honesty, his ability, pervafls in his
court room at all times and I am cer
tainly happy to work with such a
man as Judge Rhoades,” continued
Miss Lucas when approaches by the
Guide Reporter. Judge Rhoades,
must be re-elected all the eyes of
Omaha are on us they want to see
how much we appreciate a man who
does big things for us.
“No Negro is A
True Democrat” says
Blancke Beatty
Behind Every Dark Cloud There’s a
Silver Lining; DePriest Is Credit
To Race.
Blanche Beatty, of Washington,
D. C., was the guest speaker at the
Big Republican Meeting at Dream
land Hall, Saturday night, Oct. 22.
Mrs. Lucille Edwards presided. Mrs.
Beatty a national Republican speaker
and an authority on the political situa
tion today says, “No Negro is really
& truly a Democrat.” With the rights
and privileges of the Negroes denied
by the Democratic party, no Negro
can be a Democrat. The welfare of
the World is at stake by the election
of a Democrat, the world would slip
back a hundred years. No man living
today has the experience of the World
problems as Herbert Hoover, says
Mrs. Beatty. Hoover was not the
cause of Depression. Depression be
gan across the seas and any president
would have found at the same situa
tion. But Hoover will bring us out of
this darkness. For there’s a Silver
lining behind every dark cloud. Con
gressman DePriest is a credit to the
12 million Negroes throughout the
United States. He sits quietly and
watches every move in the House and
when he takes the floor he commands
the highest respect from every mem
ber in the house. Many short talks
were given by Joe Resebloom, Att’y.
John Adams Jr., Dr. Andrew Single
ton, Mrs. Ida Levin and Mrs. David
O -- o
To all the newsboys who have sent j
in their applications for the Route De-!
livery please meet at the Guide office
“Group Meeting” Tuesday aftmoon
Nov. 1, at 4 P. M. Please bring one
of your parents or your guardian.
In the case of the State vs. Erskine
Speck Lillard who was sentenced to
10 years in penitentiary by Judge
Wright, was lowered 5 years on ap
peal to Supreme Court. It was in
correctly stated that the appeal was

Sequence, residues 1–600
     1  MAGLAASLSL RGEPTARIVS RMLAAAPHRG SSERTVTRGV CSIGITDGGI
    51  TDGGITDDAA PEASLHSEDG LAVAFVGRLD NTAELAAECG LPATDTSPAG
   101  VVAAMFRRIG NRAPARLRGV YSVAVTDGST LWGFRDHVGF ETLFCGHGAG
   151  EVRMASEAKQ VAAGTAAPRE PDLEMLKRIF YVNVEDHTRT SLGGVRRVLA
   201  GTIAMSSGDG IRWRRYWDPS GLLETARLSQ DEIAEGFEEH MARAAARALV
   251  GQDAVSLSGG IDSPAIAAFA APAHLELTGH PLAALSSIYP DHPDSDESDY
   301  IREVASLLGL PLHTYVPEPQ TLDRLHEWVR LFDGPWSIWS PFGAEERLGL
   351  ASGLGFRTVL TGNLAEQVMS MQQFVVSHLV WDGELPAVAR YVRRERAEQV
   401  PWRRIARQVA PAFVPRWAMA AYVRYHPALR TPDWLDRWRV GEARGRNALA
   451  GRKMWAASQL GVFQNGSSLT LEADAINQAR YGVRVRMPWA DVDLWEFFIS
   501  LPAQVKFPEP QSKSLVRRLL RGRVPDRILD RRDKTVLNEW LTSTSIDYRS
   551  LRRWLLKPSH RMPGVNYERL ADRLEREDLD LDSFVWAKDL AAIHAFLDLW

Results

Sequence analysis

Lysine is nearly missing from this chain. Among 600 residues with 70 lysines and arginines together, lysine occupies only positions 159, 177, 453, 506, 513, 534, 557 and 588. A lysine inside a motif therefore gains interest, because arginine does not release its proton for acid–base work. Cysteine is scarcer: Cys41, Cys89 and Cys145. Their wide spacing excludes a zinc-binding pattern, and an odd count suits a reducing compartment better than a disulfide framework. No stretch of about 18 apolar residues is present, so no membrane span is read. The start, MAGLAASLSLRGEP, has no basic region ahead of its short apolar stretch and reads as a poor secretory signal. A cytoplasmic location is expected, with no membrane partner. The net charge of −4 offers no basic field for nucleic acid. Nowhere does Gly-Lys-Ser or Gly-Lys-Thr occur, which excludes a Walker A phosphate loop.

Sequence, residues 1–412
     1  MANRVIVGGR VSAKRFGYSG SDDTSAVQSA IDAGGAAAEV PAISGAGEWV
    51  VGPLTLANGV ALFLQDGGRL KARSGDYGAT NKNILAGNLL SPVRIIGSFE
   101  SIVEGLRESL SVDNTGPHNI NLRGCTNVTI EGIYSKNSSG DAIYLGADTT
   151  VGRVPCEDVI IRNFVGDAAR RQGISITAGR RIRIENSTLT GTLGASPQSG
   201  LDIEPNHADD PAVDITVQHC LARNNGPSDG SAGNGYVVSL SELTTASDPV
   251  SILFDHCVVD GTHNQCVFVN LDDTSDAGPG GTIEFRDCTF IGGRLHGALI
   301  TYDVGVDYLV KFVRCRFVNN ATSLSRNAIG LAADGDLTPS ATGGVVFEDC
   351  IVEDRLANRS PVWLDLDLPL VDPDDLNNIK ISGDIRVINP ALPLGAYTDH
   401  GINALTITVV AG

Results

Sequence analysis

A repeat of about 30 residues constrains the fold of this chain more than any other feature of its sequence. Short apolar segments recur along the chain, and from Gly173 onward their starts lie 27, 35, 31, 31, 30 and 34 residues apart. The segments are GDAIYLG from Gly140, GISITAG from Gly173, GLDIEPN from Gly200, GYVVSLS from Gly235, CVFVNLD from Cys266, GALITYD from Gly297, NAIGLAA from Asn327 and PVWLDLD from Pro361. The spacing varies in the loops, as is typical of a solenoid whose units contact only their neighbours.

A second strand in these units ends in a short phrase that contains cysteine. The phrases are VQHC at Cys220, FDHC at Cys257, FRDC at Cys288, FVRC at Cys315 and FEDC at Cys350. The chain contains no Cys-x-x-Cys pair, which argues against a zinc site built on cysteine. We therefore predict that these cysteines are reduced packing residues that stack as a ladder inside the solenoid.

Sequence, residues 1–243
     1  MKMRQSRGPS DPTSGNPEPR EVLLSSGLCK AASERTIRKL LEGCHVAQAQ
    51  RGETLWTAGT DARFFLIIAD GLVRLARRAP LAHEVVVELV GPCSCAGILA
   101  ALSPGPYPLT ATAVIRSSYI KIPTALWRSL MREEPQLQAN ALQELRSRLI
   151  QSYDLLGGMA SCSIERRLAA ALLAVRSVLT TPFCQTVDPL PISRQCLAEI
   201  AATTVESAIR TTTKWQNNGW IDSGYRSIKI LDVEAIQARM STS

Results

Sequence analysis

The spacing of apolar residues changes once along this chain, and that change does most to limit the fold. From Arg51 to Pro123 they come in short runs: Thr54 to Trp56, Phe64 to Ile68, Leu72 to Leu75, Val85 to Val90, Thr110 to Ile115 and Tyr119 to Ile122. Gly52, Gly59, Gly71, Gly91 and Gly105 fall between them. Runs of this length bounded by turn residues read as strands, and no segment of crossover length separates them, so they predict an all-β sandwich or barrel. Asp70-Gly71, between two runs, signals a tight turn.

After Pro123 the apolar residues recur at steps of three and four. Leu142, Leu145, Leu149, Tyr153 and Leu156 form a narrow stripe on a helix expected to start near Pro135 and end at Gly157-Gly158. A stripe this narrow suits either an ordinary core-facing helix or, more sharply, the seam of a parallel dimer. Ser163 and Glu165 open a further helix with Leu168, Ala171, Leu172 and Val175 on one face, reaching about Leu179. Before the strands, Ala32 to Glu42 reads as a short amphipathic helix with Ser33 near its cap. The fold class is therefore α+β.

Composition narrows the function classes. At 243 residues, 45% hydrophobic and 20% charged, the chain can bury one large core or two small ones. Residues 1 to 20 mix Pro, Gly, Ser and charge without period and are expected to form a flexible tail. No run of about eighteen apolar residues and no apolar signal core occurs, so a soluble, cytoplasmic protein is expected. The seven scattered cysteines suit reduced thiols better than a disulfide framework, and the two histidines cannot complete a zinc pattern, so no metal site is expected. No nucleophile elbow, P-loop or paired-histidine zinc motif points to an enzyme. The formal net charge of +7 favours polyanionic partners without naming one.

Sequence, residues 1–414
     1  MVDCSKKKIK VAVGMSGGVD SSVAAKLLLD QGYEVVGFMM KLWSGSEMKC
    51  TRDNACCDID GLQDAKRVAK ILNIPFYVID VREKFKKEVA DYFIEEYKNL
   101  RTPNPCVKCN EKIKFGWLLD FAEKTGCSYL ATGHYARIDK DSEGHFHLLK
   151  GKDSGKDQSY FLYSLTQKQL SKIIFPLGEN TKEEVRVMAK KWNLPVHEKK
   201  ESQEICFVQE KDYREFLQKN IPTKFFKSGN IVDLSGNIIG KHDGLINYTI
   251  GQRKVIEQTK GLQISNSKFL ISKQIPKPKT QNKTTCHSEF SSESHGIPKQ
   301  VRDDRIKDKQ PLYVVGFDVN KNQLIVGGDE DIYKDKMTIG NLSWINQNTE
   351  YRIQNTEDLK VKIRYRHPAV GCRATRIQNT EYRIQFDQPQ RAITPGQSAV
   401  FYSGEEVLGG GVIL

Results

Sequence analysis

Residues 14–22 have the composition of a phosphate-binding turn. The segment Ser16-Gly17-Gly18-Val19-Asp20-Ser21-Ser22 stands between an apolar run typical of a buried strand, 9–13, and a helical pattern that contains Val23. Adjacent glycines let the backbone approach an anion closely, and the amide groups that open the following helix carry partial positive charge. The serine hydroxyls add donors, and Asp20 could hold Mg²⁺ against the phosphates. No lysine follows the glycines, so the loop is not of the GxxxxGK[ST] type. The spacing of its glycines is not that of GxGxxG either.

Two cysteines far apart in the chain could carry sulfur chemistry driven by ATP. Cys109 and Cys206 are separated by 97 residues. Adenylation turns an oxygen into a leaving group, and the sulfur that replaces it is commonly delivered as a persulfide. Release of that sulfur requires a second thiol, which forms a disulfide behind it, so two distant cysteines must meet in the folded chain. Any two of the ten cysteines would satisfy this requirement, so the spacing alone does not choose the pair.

from Judge Thomsen in Criminal
WalhaUa, S. C—(CNS)—“An hon
est confession is good for the soul’*,
says Landy Harris, white, of this city,
who with his pastor went to Sheriff
John Thomas of the Oconee County
jail last Sunday, and confessed to the
part which he played in the I/nehiag
of Allen Green in April, 1930.
Harris returned to the sheriff the
officer’s pistol whieh was snatched
from his hand on the night of the
lynching. He was one of a score of
persons who were tried and acquitted
in connection with the lynching of
Green, who had been arrested on a
charge of assaulting a white woman.
Harris will not be tried again, as
the constitution provides that no per
son will have to answer twice for the
same crime.
A very important meeting for both
the negro and the white youth of
Omaha will be held on Tuesday, No
vember the fourth at 1314 No. 20th
Street at 8 o’clock.
Everyone should hear Mary Himoff,
an excellent speaker of high standing
and a membr of th National Commit
tee of the Young Communist League,
explain why the youth should endorse
the Communist program in the coming
Approximately 50,000 young unem
ployed workers have had to leave
their homes because neither they nor
Women Capture
Miss Annie Bell Blair and Miss
Mary E. Sanders of 3230 Lawton
Blvd. and the gun with which they
caught a prowler who tried to enter
their home.
Miss Mary B. Sanders and Miss
Annie Belle Blair, both of 3230 Law
ton Blvd., captured a prowler in the
back yard of their home with a gun,
last Sunday morning.
At 2:50 A. M. Sunday, Miss San
ders told the police, she was awakened
from her sleep by a noise in the back
room of her home that sounded like
someone trying to break into the
house through the window. Her first
thought she said, was to get her gun
and protect herself. In the mean
time Miss Blair, who was in bed in
the adjoining room and through who’s
window the midnight Caller sought
to gain entrance to the house, had al
so awakened and had whispered
through the opened door to Miss San
ders, the approaching danger.
The men by this time had opened
the window and were just about to
enter the room when Miss Sanders